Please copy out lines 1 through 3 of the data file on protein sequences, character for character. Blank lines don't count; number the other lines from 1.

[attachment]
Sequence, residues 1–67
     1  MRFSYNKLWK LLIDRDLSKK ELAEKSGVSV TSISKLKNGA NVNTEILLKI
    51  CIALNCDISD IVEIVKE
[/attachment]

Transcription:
Sequence, residues 1–67
     1  MRFSYNKLWK LLIDRDLSKK ELAEKSGVSV TSISKLKNGA NVNTEILLKI
    51  CIALNCDISD IVEIVKE